Wednesday, 1 December 2010

R+R - Nin-Niki

This horizontal doujin shooter has only had a demo to play, which teased many X68000 fans for a good while, as the single level demonstrated a solid game with decent music. There was a video floating round showing off the rest of the game and a seller on Yahoo Japan Auctions was selling the full version, so I was looking forward to one day playing the entire game. That is until recently, when the full game turned up on the Tokugawa forums. Thanks to the user who shared it the full extent of the game can now be played. And there is good news: it is even better than the demo suggested. While the demo's stage only had one fairly bland monotonous background, the rest of the game's stages have much more variety. It needs to be mentioned the game is pad only, so if you don't have one you'll have to use Xpadder or similar.

R+R initially looks rather by-the-numbers, with two very standard weapons, switchable via a button – a straight shooting laser and a rapid fire spread vulcan type shot. However you also have access to a purple single shot that is activated by moving left/right or up/down quickly, and also when you upgrade. You don't need to be firing to utilise this shot. On upgrading: this is where the game differs from many other 16 bit horizontal shooters. Instead of collecting power up icons your main weapon increases in power through scoring; that is as you kill enemies a counter fills until a set number is reached (which increases with each level gained). When this happens your weapon is upgraded, and as previously mentioned, your ship lets out a purple shot. An interesting deviation from the norm, it means you really don't want to die in certain situations, such as when facing a boss. There is some scope for upgrading here though, as bosses always feature additional enemies - be it waves of popcorn enemies, or a couple of stronger ships. If faced with this situation you'll have to balance gaining levels with taking out smaller enemies. Enemies do usually have multiple parts to destroy, again providing more scope for upgrading. The game has a decent difficulty level, even stage one's enemies let out a relatively high proportion of firepower at you for a first stage. In the options menu you do get a choice between easy, medium and hard, though there isn't a massive amount of variation between them.. If you aren't the best player the game can be set to unlimited credits (extends), so you'll be able to practice in comfort. You will have to start from the beginning of the stage though.

There is a good amount of variety in the game, with only a few enemies repeated or re-coloured from level to level, and each of the five stages has its own theme. There is a desert, a standard asteroid shower level, a 'Dope space' stage (presumably they meant deep...there is a lot of amusing engrish in this game), a claustrophobic 'Techno Base' and a fairly short but hectic final level, named 'Last Tention'. Enemies consist of a mix of waves of popcorn enemies and larger foes that take a decent battering even from your laser. Some of these have a destructible part to them in addition to their main body. On occasion you will be hard pushed to destroy some of these larger ships before they fly off screen – enemies usually come thick and fast. Most stages have 'The vigorous attack' that comes about mid level and features more organised and unique formation(s), or a unique enemy, though in difficulty terms they're often similar to the rest of the level.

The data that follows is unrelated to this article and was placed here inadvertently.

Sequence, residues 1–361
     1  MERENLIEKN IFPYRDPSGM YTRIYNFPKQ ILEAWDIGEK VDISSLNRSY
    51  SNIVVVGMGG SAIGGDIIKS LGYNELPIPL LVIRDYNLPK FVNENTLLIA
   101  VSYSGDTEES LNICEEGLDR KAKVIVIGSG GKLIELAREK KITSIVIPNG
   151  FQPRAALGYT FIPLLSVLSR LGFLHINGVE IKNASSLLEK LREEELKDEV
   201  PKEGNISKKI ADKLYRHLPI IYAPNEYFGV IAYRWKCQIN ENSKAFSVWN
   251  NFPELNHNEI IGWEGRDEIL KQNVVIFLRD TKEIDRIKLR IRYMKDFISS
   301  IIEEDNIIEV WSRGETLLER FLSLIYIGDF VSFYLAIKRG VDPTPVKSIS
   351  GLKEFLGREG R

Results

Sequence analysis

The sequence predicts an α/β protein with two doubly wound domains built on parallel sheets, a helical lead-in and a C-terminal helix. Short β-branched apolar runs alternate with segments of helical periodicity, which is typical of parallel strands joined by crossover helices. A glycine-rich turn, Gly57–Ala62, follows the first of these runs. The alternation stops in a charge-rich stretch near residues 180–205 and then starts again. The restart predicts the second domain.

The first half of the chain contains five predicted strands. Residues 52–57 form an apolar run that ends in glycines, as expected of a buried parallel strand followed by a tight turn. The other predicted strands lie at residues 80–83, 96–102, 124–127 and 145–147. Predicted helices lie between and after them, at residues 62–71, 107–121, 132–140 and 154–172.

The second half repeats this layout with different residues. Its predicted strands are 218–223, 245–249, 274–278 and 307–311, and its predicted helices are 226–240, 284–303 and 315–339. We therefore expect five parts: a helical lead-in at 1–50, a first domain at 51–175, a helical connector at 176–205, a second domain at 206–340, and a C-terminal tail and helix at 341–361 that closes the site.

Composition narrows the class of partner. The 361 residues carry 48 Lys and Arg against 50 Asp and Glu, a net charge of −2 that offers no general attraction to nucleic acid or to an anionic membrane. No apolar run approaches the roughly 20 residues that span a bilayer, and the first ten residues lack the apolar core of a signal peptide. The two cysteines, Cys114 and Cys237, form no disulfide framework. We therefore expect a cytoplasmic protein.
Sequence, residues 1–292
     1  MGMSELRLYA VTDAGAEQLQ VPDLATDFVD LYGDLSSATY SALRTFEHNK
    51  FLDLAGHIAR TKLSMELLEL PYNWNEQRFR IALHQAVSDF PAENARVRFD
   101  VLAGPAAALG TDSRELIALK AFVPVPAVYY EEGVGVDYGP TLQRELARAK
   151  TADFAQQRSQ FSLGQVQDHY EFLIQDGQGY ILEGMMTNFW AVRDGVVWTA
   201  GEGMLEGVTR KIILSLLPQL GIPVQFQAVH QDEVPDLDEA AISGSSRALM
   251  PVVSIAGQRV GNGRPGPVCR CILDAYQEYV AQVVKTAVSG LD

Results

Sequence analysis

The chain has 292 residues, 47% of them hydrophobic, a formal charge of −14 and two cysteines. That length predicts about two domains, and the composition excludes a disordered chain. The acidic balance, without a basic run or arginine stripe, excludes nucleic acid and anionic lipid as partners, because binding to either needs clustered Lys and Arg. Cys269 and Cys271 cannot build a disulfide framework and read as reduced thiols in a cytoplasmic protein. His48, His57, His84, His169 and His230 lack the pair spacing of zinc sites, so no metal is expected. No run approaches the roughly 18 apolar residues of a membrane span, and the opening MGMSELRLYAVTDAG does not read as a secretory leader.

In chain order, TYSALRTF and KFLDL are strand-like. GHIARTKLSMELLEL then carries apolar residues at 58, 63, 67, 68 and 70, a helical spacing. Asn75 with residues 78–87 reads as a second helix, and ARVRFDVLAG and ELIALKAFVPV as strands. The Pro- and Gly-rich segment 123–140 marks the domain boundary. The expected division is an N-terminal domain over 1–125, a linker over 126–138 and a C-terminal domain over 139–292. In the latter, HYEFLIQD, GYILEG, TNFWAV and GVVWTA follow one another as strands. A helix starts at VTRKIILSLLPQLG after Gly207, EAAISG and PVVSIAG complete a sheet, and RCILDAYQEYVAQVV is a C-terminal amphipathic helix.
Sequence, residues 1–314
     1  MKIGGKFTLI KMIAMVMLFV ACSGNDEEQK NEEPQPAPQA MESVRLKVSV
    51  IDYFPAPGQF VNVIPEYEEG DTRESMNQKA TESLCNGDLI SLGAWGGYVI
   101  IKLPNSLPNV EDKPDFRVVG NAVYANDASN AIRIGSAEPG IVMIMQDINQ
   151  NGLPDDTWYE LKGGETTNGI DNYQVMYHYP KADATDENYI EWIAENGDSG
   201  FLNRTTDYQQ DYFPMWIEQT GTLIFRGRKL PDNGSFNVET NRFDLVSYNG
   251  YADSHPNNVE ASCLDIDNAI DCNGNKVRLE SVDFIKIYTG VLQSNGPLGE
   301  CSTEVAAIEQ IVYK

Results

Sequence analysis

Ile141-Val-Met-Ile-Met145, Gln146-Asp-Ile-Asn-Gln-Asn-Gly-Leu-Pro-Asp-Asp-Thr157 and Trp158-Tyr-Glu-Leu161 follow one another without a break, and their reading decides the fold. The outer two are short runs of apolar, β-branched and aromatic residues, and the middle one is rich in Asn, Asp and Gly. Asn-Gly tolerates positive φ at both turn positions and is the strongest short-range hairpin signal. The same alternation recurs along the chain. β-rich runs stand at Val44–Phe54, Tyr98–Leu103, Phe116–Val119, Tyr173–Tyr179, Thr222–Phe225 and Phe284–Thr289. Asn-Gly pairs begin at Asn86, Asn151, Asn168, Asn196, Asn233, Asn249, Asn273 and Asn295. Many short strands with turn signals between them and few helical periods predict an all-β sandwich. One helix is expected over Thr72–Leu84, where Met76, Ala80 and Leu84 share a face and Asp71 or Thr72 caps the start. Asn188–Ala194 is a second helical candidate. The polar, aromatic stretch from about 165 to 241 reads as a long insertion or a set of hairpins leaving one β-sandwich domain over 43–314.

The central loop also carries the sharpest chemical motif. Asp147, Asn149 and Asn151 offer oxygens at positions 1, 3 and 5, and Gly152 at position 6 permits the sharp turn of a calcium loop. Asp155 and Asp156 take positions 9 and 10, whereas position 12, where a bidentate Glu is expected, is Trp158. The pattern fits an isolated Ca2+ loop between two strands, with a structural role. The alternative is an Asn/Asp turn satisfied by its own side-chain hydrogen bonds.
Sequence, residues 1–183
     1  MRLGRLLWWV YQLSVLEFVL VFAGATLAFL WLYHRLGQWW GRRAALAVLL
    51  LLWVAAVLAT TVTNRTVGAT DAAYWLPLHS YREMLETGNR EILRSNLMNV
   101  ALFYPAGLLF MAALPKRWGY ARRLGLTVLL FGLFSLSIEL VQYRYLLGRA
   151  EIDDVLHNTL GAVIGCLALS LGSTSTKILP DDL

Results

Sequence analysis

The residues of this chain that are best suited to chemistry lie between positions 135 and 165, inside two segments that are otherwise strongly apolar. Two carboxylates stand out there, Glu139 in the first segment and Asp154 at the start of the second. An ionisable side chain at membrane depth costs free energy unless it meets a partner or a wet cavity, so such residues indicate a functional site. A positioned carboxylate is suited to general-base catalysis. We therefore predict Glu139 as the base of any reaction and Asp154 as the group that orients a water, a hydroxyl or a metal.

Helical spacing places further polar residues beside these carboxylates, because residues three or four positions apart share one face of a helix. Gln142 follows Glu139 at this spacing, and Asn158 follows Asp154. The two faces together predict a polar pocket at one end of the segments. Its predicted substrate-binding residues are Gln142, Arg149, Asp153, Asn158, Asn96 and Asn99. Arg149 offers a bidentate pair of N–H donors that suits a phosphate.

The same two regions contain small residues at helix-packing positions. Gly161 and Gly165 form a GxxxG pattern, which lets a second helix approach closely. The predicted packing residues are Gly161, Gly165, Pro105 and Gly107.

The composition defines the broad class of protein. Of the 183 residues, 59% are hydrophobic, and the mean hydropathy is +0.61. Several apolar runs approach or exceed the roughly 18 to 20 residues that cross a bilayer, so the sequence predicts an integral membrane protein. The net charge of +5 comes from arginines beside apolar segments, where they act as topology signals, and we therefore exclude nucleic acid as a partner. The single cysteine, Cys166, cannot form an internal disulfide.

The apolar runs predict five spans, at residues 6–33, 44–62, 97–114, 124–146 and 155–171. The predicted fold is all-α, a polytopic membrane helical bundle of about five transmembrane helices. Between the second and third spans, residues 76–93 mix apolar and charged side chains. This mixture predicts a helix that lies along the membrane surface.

As previously mentioned R+R's demo featured a nicely detailed, if somewhat monotonous, background and subsequent levels in the full version mostly improve upon this. There is plenty of parallax scrolling too, some stages with several layers. Scenery often becomes a feature of the game, for example stage 4 is maze like, with enemies attempting to shunt you into dead-ends and narrow passages. Animation is excellent when it comes to enemies - their engines glow, ships turn, rotate and many have firing animations with various parts of them moving. There is relatively little animation on the backgrounds, though stage 4's boss does have blinking lights behind him. My only issue with the graphics is that sometimes enemies will briefly disappear while other enemy ships explosions pass over them

Sound is generally excellent throughout. It features some great music that is typical of the X68000, with many memorable tunes, with stage four's being my favorite. The synth lines in particular stand out. Each tune fits in well with its particular stage's setting. Each boss shares the same music, which is good, though a little variety would have made the music aspect of the game perfect. There is a nice loading track too, though it isn't on for long. Sound effects do the job well enough, though perhaps a few more could have been done for the enemy explosions.

R+R's options menu features the difficulty settings as previously mentioned, in addition to number of lives (0-5) and amount of extends (i.e. credits; none, three, five and unlimited). I'd have liked a music and sound test option though. Menus are entirely in English too.

All in all R+R is well worth the search you may have to do to find it. It might be a tad bit short, but there is a decent challenge. While the demo was fairly hard to find it is still the most widely available, so the Tokugawa forums are the place to go to for the full version. I have spotted it on another forum near the top of search results for the game, so it is spreading at least. If you are having difficulty, message me and I'm sure I'll be able to help you.

1 comment:

  1. Do you by chance have the disk images for R+R? :D Also have you heard of a game called Buster for X68000? Those two are impossible to find these days, and I happen to just have recently discovered the X68000...

    Anyway awesome review. Love the screenshots that aren't broken links. Totally jealous lol. I want to play it so bad.